Year after year, the number of crop protection and chemical products that can be employed to counter pathogens and harmful insects in agriculture gets smaller and smaller. Within that scenario and with the aim of achieving a more sustainable management of resources in line with the objectives of Agenda 2030, biological control using useful predators is the only solution.

It is with this purpose in mind that Agri Impo Tech was established in 2019 as an offshoot of Agri Impol in Battipaglia (Salerno), which boasts thirty years of experience in the preparation of pollination programs using bees and bumblebees.

“What is new in the world of biological control is the possibility of feeding mites and useful insects right after they are introduced. This way, they can develop before the attack of harmful insects. This strategy means useful insects can be launched even if their counterparts are not present yet. Nutrimite, distributed by Agri Impol Tech, has led to excellent results,” reports Antonio Rago, owner of Agri Impol and Agri Impol Tech.

For the past 30 years, Antonio Rago and his company have worked to make agriculture as sustainable as possible developing strategies with a low environmental impact. Agri Impol and Biobest have in fact signed an agreement for the sale and distribution of hives of Flying Doctor bumblebees and of all insects useful for biological control.

“Tuta Trap is a pheromone trap that attracts Tuta absoluta adult males. It can be used to monitor and mass capture parasite lepidoptera. Capturing males, in fact, noticeably reduces infestations dropping them to an acceptable level. 15/20 traps per hectare are needed in greenhouses and 15/25 per hectare in open fields. These can also be combined with color insect traps for monitoring and mass capturing.”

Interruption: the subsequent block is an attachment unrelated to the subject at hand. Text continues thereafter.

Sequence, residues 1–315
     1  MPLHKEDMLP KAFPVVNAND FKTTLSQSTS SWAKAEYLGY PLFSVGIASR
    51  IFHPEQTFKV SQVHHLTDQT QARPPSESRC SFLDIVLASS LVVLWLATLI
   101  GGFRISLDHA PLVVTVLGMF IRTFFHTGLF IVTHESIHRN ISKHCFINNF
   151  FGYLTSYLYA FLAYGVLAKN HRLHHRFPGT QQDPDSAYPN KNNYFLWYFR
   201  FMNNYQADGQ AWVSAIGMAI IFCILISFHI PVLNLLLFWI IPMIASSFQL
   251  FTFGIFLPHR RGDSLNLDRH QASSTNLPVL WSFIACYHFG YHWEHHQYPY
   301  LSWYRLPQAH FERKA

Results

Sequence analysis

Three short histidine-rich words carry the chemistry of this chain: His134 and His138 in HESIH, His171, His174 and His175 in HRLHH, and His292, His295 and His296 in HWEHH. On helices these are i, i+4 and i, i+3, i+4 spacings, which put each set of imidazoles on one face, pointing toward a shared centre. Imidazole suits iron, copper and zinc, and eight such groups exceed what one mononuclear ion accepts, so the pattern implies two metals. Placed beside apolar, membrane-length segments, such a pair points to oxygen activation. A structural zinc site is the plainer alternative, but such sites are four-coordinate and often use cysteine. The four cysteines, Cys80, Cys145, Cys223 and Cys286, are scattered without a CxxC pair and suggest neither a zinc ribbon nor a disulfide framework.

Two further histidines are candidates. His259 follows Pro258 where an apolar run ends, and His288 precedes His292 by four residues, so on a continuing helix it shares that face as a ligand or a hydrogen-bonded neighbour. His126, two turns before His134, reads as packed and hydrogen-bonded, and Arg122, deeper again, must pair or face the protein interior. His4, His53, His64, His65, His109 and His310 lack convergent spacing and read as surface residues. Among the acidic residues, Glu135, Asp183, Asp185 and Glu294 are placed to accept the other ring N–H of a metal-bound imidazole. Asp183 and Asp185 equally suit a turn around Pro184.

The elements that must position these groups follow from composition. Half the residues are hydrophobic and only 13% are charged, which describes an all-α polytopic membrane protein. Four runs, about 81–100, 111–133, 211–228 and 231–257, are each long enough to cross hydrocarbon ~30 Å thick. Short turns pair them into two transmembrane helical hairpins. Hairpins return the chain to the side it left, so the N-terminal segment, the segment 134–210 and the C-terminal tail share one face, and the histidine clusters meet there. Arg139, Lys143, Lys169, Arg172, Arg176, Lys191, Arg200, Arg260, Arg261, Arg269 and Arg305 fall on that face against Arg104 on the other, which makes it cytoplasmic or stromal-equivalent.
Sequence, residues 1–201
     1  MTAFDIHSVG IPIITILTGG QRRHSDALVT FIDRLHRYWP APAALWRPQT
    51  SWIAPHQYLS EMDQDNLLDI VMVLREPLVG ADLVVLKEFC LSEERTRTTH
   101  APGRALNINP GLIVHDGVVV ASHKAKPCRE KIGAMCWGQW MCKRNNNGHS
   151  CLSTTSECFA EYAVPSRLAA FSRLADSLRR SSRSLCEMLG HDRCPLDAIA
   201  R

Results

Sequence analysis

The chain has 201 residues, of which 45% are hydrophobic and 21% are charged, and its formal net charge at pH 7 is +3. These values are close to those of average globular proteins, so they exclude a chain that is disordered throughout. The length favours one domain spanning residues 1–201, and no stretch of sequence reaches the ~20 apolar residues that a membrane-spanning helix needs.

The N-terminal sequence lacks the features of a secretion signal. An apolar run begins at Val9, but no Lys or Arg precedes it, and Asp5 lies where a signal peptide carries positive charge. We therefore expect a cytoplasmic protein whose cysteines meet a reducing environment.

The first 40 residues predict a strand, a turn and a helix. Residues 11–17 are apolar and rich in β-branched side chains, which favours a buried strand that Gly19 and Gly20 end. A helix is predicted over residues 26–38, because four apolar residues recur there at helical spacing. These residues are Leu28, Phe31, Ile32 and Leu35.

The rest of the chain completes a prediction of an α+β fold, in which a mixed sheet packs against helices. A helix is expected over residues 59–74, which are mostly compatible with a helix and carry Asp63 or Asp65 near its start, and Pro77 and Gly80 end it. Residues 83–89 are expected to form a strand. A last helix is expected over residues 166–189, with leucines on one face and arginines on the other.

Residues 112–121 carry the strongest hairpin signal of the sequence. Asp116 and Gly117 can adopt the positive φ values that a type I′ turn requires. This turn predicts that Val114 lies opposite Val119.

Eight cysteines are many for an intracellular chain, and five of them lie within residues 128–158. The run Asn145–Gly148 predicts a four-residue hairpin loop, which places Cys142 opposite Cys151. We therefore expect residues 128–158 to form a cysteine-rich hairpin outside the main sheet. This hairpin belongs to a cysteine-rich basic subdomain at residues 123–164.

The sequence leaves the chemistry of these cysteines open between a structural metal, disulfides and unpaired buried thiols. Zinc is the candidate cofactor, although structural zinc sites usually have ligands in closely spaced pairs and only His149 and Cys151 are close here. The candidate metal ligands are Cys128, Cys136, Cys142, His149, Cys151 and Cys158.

Another objective for the company is making producers understand the importance of pollination, which represents a crucial phase for setting and, therefore, for production.

“Nature alone is not enough to meet pollination needs, this is why we suggest introducing bees and bumblebees during blossoming. We are basically talking about buzz-pollination (especially for tomatoes) carried out by bumblebees, who are more stationary than bees and able to work at lower temperatures and in less-ideal weather (wind and rain). Bees are more suitable for late blossoming.”

“Apipol box has become available this year, i.e a hive containing two bee colonies. It was developed to favor entomophilous pollination in open-field crops and we will showcase it during Macfrut.”

“We will welcome you at Macfrut, stand 111, hall B5 to present our new company established in 2019 – Agri Impol Tech.”

Do you wish to create a pollination program perfect for you or get to know biological control options? The company will welcome you at Macfrut on September 7-9, 2021.

For further information:
Agri Impol s.r.l.
via Milano
84090 Montecorvino Pugliano (SA) -Italy
+39 0828 53744
+39 0828 507182
info@agriimpol.it
www.agriimpol.it